The director of the Mayo Clinic Center for Multiple Sclerosis and Autoimmune Neurology provided insight on a unique way the institution cares for patients who present with an inflammatory or autoimmune entity. [WATCH TIME: 5 minutes]
WATCH TIME: 5 minutes
"The second M is, how do we Maintain that maximal reversibility? We’ve made you better, but how do we keep you there? Because we can’t give you steroids forever. We can’t give you immunoglobulin IV forever. We then select an immunotherapy that allows us to spare those agents."
Autoimmune disorders remain one of the more complex challenges for clinicians to treat, mainly because there are more than 80 different presentations with no available cure. These disorders, typically grouped as either organ-specific or not, occur when an individual’s immune system mistakenly attacks their own body tissues. Due to the difficulties in diagnosing, especially in the earlier stages, clinicians have leaned on physical examination, medical history, X-rays, biopsies, and antibody testing.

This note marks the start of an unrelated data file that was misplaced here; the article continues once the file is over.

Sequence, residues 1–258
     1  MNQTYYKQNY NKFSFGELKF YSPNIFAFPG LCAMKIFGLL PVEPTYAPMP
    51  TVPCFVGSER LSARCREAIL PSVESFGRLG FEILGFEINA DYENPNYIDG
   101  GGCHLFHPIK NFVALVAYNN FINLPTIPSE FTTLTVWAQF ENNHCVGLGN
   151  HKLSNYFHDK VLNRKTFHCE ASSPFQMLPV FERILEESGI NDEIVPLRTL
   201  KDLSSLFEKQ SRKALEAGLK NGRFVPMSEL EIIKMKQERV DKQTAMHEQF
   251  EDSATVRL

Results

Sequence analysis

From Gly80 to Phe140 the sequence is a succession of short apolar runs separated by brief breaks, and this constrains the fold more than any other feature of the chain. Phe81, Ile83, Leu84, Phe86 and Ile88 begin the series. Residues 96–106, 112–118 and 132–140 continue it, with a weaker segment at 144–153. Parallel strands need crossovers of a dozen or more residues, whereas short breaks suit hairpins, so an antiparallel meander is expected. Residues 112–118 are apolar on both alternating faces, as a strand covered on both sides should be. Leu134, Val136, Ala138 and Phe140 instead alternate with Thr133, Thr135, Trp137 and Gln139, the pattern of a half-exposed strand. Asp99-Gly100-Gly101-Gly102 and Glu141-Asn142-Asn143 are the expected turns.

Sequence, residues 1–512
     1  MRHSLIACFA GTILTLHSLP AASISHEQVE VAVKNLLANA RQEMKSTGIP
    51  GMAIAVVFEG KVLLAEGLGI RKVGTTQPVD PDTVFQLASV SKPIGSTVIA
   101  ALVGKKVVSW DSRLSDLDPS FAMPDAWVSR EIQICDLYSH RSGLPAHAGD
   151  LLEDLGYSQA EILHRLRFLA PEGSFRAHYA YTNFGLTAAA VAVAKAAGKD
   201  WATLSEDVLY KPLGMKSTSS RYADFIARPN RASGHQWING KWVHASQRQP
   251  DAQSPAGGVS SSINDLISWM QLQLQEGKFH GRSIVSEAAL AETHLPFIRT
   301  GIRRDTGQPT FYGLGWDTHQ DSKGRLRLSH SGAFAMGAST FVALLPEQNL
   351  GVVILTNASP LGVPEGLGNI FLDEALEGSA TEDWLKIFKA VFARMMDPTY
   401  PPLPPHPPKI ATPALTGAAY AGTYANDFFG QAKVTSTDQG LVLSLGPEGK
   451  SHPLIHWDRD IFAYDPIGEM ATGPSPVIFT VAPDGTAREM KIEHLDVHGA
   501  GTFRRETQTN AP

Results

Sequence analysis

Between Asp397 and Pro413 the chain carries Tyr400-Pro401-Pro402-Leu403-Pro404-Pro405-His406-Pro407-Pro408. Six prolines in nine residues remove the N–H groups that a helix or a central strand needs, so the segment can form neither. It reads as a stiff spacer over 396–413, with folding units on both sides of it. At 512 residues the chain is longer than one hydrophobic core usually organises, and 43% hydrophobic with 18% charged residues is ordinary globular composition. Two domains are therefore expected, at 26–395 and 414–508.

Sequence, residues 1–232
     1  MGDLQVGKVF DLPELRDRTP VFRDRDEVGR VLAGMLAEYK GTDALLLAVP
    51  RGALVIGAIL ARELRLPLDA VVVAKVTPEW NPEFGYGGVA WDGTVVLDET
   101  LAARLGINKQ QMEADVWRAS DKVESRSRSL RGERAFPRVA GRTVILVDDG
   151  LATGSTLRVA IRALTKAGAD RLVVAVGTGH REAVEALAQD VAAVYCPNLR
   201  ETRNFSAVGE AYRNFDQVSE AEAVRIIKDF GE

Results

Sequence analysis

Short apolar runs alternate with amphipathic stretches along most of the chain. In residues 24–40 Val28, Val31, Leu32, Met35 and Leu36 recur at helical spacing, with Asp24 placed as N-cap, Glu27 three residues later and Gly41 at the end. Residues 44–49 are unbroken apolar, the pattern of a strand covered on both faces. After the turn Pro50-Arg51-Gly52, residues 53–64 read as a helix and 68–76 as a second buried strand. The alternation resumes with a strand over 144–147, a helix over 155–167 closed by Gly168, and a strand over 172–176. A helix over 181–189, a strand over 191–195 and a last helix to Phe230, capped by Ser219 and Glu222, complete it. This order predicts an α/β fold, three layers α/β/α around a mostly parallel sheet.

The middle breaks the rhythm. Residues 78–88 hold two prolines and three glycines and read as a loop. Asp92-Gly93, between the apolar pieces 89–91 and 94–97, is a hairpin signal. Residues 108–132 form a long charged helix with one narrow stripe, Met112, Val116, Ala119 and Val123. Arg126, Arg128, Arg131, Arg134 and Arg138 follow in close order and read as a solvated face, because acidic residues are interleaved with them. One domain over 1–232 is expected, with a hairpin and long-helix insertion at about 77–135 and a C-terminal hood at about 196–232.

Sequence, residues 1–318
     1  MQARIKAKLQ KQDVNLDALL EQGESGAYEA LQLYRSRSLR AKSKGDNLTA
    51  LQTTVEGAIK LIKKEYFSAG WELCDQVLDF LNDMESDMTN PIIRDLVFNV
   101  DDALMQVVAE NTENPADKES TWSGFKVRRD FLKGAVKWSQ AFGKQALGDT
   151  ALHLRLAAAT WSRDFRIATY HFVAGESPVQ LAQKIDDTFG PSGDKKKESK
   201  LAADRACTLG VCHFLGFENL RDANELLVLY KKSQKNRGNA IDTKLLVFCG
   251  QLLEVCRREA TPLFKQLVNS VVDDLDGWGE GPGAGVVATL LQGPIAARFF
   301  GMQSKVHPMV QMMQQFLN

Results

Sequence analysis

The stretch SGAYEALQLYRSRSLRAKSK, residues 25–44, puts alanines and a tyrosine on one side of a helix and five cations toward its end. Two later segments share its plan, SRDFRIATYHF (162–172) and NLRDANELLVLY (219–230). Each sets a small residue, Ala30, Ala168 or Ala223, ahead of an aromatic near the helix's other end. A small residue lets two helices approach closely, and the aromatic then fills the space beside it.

For more than 2 decades, Mayo Clinic has been a key component in the research and care for autoimmune disorders, most notably through the discovery of the neuromyelitis optica antibody. That antibody and its target, the aquaporin-4 water channel, led to a breakthrough in therapeutics specifically for patients with neuromyelitis optica spectrum disorder, an autoimmune disease that for years, was often misdiagnosed as multiple sclerosis (MS). For an individual who presents to the clinic with an inflammatory or autoimmune entity, they receive Mayo Clinic’s so-called 3-M approach, says Sean J. Pittock, MD.
The approach is designed to have patients obtain the maximum reversibility of their disease, while on the least harmful, but effective medications. Pittock, director of the Mayo Clinic Center for MS and Autoimmune Neurology, sat down with NeurologyLive® to discuss the treatment strategy, along with how it can be simplified based on the various presentations.